Forced arbitration is a practice used by many employers to handle complaints by employees, including complaints of sexual harassment. The practice came under scrutiny beginning with Gretchen Carlson’s landmark suit against Fox news and continues with the #MeToo movement. Employment contracts often contain clauses saying that any complaints an employee may have must be settled by arbitration. By signing the contract the employee essentially gives up the right to try any disputes in civil court. Carlson was able to skirt the clause by suing then Fox CEO Roger Ailes directly for harassment and retaliation.
Although the company Facebook has strong women such as Sheryl Sandberg in leading positions and its sexual harassment rules and procedures are openly available to the public, it still requires disputes to be settled in private arbitration processes. In cases of sexual harassment, forced arbitration has come under fire because opponents say it silences victims by first forcing them into a closed process and then not allowing them to talk about what happened. At the end of it all they must then return to work as if nothing had happened.
Legislation to End Forced Arbitration for Sexual Harassment Cases
A bipartisan bill was introduced in December that would prohibit forced arbitration clauses in employment contracts. Several companies immediately endorsed the bill including Microsoft, which announced they would no longer use arbitration in such cases. Women employees in the tech industry have reported rampant sexual harassment and discrimination as well as human resources departments that did little or nothing to help them. Susan Fowler, a former software engineer at Uber, wrote a blog entry that went viral about her experiences at that company. According to Fowler, forced arbitration deprives workers of their constitutional rights.
Microsoft ended the use of arbitration to deal with sexual harassment claims even though the bill has not yet passed. Company president Brad Smith said it is a mistake for employers to assume that “this could never happen here.”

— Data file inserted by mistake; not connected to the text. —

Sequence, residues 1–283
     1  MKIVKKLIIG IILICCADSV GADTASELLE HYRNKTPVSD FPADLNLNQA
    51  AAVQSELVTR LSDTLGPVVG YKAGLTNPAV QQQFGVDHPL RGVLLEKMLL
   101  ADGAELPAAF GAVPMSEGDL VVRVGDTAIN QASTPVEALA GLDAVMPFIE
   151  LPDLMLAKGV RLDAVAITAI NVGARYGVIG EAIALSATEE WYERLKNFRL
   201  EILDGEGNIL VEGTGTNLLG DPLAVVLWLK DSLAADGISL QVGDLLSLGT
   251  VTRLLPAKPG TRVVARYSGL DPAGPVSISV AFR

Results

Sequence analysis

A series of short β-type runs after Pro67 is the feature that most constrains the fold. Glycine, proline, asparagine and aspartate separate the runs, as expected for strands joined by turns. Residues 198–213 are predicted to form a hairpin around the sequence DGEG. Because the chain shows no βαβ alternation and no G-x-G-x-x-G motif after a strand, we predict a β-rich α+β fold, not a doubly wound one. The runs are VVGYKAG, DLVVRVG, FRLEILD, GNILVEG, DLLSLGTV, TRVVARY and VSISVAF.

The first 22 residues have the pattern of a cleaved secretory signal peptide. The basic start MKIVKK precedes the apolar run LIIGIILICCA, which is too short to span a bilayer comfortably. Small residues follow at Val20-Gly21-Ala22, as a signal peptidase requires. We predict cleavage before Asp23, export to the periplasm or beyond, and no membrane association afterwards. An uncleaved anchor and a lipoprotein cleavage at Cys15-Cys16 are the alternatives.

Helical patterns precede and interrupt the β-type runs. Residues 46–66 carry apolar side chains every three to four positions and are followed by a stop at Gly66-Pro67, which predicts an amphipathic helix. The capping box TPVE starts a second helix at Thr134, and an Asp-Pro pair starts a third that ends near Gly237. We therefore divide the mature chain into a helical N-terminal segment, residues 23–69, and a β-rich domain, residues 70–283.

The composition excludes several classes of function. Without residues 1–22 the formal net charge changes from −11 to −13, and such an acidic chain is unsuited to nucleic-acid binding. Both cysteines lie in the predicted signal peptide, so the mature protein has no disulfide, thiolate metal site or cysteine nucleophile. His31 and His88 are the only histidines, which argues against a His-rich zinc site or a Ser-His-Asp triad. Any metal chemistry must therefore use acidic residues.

Many employers choose the path of arbitration because they believe it keeps costs down by avoiding lengthy expensive trials and discouraging frivolous lawsuits. However, a Cornell University study from 2011 found that arbitration invariably favors employers.
A spokeswoman for Facebook said the company does use arbitration but does not require the parties to keep silent afterwards. The company feels that arbitration is more neutral since both parties are involved in choosing the arbitrator. Facebook has an in-depth training program on sexual harassment in place for employees that aims to prevent incidents from occurring in the first place, according to their spokeswoman.
Regarding the bill being debated in Congress, Facebook has not yet taken a position on it saying that they are “studying it” before passing judgment. Rep. Cheri Bustos, who introduced the legislation, said that all businesses need to be aware of this issue and she hoped that Facebook would choose to lead by example.
Middletown Sexual Harassment Lawyers at McOmber McOmber & Luber, P.C. Represent Victims of Workplace Sexual Harassment
If you have experienced sexual harassment at work you may be entitled to compensation. Contact McOmber McOmber & Luber, P.C. to speak to a skilled Middletown sexual harassment lawyer about your case. We provide free consultations at our Marlton, Newark and Red Bank, New Jersey offices. Call 732-842-6500 today or complete our online contact form to get started.